7 Secrets for Better Hog Hunting

Want to find and kill more feral hogs? Use these tips to improve your success rate.

7 Secrets for Better Hog Hunting

The author dropped this tough boar in Texas with a Savage chambered in .223 after a spirited pursuit. The .223 is an effective caliber with an accurate shot and a great round for young or first-time hunters. (Photo: Alan Clemons)

Unless you're really dialed in where you hunt, going after feral pigs and being successful can be a challenge. 

Despite their appearance as lazy, oafish, mud-covered slobs, pigs are anything but. They have a great sense of smell and hearing. Eyesight? Not so much. They're intelligent, learning about dangerous situations or traps with corn feeders and when to migrate in their area seeking the best food and water sources.

Hunting hogs in the woods of the Southeast is different from Texas and Oklahoma, too. There you're more apt to have open vistas and great sightlines for shots or stalking. Or driving, if you're mobile. In the woods, fields, swamps and hills of the Southeast you'll be likely to have shots of 150 yards or less and possibly within shotgun range.

To put more hogs on the ground, try these suggestions:

Think Like a Hog 

In summer what would a hog want to do? Stay cool and comfortable, since their thin and relatively hairless skin doesn't sweat. They seek shady areas, creeks and muddy areas for wallows. Thick vegetation may be tough for you to get into but not for them. If you're stalking, seek these locations. They'll be looking for food so don't overlook agricultural fields. Farmers may give you carte blanche if they're having issues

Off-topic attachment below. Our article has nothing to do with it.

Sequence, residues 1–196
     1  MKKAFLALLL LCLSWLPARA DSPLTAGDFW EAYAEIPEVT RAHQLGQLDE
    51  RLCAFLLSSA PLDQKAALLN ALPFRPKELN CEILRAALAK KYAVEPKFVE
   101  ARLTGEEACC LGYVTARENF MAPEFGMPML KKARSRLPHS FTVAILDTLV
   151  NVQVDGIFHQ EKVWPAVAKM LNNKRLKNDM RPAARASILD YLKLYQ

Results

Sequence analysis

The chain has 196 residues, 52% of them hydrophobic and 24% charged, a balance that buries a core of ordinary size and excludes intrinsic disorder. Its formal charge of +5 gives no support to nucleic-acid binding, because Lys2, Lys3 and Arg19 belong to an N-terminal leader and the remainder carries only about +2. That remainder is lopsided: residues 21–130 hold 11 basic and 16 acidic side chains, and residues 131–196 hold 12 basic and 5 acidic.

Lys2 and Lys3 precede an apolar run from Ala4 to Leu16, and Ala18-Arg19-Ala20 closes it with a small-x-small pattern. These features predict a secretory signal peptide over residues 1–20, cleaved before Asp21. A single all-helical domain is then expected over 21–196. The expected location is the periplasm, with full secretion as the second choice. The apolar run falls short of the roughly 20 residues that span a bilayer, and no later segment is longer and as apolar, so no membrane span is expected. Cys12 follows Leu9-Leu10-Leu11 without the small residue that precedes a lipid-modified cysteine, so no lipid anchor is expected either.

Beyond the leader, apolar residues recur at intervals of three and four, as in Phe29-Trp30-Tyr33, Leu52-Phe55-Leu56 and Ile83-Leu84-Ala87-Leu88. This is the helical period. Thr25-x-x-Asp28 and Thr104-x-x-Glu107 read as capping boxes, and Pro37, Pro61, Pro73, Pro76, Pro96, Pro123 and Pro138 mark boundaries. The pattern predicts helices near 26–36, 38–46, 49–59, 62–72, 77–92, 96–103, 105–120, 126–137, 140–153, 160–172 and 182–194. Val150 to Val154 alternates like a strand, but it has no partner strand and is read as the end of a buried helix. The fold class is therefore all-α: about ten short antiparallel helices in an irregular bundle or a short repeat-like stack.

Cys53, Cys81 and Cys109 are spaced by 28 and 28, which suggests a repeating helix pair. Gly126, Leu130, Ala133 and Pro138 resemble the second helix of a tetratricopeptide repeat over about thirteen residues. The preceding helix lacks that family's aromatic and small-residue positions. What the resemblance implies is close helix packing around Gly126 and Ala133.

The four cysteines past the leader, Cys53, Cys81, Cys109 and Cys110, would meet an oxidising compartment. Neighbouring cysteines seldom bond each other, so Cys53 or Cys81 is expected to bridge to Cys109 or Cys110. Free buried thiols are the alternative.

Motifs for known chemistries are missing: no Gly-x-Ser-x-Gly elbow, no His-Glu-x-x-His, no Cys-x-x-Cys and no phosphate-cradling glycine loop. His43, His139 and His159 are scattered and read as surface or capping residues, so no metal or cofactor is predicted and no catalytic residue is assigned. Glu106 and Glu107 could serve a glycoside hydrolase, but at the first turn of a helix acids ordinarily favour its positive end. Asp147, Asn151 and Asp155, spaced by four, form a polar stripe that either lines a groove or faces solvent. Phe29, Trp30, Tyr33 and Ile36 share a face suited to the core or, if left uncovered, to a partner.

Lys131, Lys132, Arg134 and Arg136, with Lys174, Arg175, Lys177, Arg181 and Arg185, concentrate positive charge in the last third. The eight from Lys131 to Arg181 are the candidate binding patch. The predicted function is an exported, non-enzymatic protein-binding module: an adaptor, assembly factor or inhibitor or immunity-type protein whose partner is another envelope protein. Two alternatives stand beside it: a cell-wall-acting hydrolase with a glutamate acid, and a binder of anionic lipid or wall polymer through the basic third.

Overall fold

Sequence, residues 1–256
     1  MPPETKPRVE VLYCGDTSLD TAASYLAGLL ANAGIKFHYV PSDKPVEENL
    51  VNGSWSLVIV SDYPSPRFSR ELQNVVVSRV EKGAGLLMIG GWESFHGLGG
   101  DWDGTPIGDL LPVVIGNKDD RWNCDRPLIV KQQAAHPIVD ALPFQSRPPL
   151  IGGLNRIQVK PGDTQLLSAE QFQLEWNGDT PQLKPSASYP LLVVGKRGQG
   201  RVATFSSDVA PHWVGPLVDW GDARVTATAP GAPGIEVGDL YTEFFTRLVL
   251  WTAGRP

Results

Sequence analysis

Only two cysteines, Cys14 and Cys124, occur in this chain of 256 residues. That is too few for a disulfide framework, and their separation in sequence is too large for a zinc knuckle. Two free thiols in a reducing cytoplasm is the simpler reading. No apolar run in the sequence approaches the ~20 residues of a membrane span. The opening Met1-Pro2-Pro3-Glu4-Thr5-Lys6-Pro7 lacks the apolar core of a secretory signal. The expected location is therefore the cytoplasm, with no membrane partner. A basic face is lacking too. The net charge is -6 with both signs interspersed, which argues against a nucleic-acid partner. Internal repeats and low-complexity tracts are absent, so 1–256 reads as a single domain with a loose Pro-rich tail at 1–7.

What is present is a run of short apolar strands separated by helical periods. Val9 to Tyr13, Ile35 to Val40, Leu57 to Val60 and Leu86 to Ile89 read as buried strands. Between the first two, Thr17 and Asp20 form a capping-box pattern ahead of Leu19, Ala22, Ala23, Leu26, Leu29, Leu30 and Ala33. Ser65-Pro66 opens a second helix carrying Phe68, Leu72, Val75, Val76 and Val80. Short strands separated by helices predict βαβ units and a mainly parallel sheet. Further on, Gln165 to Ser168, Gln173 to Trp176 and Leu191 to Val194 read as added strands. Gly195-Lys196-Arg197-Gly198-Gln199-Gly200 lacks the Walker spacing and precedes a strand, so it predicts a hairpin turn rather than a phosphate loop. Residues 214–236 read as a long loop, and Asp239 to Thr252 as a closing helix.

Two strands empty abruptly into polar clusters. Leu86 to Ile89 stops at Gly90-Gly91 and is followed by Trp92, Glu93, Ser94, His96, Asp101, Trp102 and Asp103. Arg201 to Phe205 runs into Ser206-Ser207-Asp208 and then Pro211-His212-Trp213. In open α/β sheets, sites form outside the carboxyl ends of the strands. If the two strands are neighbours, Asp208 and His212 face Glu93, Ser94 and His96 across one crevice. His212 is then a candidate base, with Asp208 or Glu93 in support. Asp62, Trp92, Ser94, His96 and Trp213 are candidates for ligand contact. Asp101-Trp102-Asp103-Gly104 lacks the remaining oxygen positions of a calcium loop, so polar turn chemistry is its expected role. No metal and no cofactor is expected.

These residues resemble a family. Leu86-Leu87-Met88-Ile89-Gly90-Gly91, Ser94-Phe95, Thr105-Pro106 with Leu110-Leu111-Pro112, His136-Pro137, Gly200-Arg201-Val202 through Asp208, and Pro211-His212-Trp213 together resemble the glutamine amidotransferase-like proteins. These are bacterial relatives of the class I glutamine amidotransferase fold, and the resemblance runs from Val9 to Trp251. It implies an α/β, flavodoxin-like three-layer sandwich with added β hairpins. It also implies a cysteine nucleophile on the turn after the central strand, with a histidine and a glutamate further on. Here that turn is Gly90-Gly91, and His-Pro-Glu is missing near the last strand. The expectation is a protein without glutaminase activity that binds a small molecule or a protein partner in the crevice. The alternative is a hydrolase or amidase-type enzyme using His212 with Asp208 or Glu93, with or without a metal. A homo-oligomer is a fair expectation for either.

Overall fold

Use Game Cameras

Most hunters think about game cameras for whitetail deer but they're super scouting tools for hogs and predators. If you've scouted and found tracks, poop or rooting, place your cameras where you can get images of the porkers. Whether you're using cellular cameras that send images to your phone or need to check SD cards, you can get a good idea of when and where hogs are moving around.

Hunt Water Sources

Years ago on a super-hot summer hunt one of the areas of the tract I was on had a creek winding through it. The creek was dried up other than a few big puddles and some muddy areas. Instead of trying to bust through the thick vegetation along the banks, I stalked quietly in the creekbed. I found two wallows that reeked of hogs and knew I was on the right track. On another hunt I worked my way toward a small pond in the back of the property. I bumped a couple sows and small pigs. In summer, find the water and you'll probably find pigs. 

Use Hog Dogs

I can't make it any more simple: hunting hogs with dogs is exciting, fun, will get your blood pumping, can be muddy in swamps and is a super way to hunt. If you have friends with hog dogs ask if you can join them. If not, perhaps contact your local outdoors store, ag-feed store or state wildlife agency office to see if they know someone.

Bait and Attractants

With their super snouts, feral pigs can get a whiff of everything from truffles to soured corn laced with Kool-Aid or diesel fuel. Supposedly, for the latter, strawberry Kool-Aid is the real deal. I haven't tried it but darn sure would if my hunting spots had hogs. Baiting with corn is perhaps the easiest thing for hogs but also attracts raccoons (bonus hunting!) and birds. Some commercial attractants such as Hog Heaven or Tusk Taker, among others, are quite effective. Check your state regulations before using or hunting over bait or attractants.

Night-Vision, Thermal Optics

Under the cover of darkness feral pigs will roam, root, eat, fight and breed. If you can legally hunt at night, using night-vision or thermal optics to enhance your outing definitely adds an extra spark. There's a learning curve with both but it's fairly easy to figure out. Both are a blast to use and add to the hunt. You can slip up to a field or opening, scan it with night-vision or thermal and figure out a plan or move on. 

Bring the Big Guns

I've hunted hogs with bows, crossbows, handguns, shotguns (slug and buckshot) and rifles (traditional and AR). I love them all. Each presents challenges and tests your skills in some way. They all kill hogs, too, with accurate shots. You can kill a hog with a .22 Mag with a shot to the ear, but for now I'm a fan of the 30-caliber family. With the .308 ammo is easy to find almost anywhere and it gets the job done well. Overkill? Perhaps, but with big hogs I want to make sure.


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